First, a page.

Saudi Arabia to launch space satellite for oil exploration
Saudi Arabia will launch its Saudisat-C space satellite that has as one of its primary functions the gathering of
data for oil exploration in the kingdom. Prince Turki bin Saud, supervisor of the Space Research Institute at King
Abdul Aziz City of Science and Technology in Riyadh, announced that the Dnepr 1 rocket -- Saudi Arabia's third
satellite -- will be launched from Baikonur in Kazakhstan.
Turki said the Saudisat-C satellite will orbit the earth at a height of about 650 km to collect data via remote sensing and spectrographic photography that will be instrumental in oil exploration as well as improved information on weather and remote area vehicular movements. It will be equipped with a camera to take photos, some of which will also be of the moon.
The focus of this third Saudi satellite on oil exploration is a direct consequence of Prince Sultan bin Salman bin
Abdul Aziz being a member of the 1985 US space shuttle discovery flight. Since that time, Sultan has been an active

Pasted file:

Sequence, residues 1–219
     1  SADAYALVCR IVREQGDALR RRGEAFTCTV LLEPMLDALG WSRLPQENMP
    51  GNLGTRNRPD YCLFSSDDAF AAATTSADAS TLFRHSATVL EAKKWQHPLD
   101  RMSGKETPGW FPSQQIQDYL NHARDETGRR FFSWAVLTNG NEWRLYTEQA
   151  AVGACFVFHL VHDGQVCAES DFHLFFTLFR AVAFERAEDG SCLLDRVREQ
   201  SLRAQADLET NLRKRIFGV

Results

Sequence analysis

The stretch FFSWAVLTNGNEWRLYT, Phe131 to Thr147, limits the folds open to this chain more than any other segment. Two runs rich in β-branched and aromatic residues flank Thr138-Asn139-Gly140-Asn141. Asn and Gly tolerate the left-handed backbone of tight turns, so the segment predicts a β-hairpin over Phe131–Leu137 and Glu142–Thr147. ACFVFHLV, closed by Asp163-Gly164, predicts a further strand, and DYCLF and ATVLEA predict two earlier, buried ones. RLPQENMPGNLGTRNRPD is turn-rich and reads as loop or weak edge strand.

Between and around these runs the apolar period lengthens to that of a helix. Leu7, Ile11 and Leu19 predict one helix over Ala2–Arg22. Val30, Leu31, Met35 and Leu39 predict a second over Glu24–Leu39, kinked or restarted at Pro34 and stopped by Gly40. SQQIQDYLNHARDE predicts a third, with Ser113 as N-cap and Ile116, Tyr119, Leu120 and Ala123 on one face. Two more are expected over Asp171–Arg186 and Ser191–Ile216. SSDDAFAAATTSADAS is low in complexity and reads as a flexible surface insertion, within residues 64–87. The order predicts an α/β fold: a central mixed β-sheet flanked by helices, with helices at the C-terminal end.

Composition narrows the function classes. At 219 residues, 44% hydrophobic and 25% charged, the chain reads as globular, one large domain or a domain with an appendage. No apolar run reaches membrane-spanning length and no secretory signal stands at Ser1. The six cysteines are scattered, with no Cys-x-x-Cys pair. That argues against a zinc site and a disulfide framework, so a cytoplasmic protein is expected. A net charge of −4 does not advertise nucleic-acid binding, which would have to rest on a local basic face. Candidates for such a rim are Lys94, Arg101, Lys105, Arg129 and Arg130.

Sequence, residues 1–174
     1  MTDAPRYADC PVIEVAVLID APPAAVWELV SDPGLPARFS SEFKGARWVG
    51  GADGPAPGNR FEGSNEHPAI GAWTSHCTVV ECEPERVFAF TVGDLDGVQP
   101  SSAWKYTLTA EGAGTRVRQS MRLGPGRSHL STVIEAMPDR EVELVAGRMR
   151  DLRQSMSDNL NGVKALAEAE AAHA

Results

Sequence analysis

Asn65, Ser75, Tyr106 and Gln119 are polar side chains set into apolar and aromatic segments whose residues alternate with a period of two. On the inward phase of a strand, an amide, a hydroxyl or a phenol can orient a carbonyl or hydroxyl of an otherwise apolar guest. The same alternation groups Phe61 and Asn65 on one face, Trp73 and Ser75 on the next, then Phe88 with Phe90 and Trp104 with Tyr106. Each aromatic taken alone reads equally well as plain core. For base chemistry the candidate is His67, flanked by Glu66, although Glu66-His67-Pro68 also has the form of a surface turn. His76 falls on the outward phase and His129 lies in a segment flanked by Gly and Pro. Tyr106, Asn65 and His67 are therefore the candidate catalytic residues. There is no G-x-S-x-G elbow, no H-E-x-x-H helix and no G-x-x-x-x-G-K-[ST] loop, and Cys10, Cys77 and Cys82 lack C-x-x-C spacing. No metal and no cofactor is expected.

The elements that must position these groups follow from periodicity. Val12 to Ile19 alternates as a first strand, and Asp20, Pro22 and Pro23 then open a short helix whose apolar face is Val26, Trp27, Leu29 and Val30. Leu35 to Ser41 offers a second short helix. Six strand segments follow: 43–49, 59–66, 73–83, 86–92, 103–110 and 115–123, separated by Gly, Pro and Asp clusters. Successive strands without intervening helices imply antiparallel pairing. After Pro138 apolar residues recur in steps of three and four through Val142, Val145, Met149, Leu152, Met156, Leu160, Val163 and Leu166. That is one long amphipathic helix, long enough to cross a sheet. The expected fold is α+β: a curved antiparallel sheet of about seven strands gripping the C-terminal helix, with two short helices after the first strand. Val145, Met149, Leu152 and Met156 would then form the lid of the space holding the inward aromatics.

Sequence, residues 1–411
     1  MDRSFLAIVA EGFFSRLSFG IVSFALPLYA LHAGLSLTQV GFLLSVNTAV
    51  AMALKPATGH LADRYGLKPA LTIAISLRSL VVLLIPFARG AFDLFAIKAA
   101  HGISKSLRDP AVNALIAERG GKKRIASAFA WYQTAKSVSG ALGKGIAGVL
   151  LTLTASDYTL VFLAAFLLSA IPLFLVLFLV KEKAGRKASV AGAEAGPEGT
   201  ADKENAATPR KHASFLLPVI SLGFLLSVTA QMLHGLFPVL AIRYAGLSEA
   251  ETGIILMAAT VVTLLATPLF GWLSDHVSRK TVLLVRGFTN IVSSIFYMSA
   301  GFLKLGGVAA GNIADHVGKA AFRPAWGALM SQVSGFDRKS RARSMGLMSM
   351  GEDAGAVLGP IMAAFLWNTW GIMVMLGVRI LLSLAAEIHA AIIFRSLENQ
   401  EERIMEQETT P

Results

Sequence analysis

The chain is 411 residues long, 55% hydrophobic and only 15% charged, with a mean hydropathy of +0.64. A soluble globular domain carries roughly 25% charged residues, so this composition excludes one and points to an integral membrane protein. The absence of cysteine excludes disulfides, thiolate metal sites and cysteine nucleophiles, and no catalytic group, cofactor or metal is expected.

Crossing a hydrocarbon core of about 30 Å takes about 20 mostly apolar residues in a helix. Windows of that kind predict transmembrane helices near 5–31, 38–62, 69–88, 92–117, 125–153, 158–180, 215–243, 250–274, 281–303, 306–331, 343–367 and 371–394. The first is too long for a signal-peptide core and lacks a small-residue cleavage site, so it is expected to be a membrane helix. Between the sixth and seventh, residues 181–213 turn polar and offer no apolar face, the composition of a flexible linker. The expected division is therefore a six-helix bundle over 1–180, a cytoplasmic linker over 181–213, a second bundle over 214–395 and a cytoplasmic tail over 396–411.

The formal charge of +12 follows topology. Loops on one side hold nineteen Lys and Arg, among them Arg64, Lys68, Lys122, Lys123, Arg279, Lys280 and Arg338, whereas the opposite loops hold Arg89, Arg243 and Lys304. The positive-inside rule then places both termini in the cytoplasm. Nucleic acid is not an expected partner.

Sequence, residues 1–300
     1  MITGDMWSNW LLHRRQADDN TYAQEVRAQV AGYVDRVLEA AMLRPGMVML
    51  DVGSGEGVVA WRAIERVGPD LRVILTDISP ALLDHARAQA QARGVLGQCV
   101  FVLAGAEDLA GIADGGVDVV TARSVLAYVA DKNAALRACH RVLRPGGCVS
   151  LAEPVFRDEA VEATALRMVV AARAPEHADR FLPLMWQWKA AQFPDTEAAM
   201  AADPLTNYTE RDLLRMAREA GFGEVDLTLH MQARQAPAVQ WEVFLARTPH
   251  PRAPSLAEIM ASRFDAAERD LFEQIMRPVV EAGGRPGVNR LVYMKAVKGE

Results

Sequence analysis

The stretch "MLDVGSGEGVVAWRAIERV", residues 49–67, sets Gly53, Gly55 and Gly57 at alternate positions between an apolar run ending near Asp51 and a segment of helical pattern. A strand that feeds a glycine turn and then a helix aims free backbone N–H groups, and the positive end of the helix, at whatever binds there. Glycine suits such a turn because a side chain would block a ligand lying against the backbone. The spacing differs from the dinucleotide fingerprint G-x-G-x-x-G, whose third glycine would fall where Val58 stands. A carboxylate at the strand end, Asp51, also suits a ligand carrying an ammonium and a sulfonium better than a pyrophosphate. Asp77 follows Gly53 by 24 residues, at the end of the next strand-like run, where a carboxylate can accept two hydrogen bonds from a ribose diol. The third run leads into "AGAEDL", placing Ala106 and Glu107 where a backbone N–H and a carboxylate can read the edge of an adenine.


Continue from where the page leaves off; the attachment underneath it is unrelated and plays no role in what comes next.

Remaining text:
member of the King Fahd University of Petroleum and Minerals Research Institute.
The institute recently developed geophysical research to incorporate their new study of the Earth's tectonic plate movements via satellite.
The Space Research Institute of KACST has produced the Kingdom's first digital map, which can either be run on a PC or transferred to other software. It has also produced an integrated system based on remote sensing and GPS (Global Positioning System) in geological applications that use multi-spectral coverage that ranges from visible to thermal infrared, as well as radar images, to provide valuable data on structural geology for locating hydrocarbon deposits.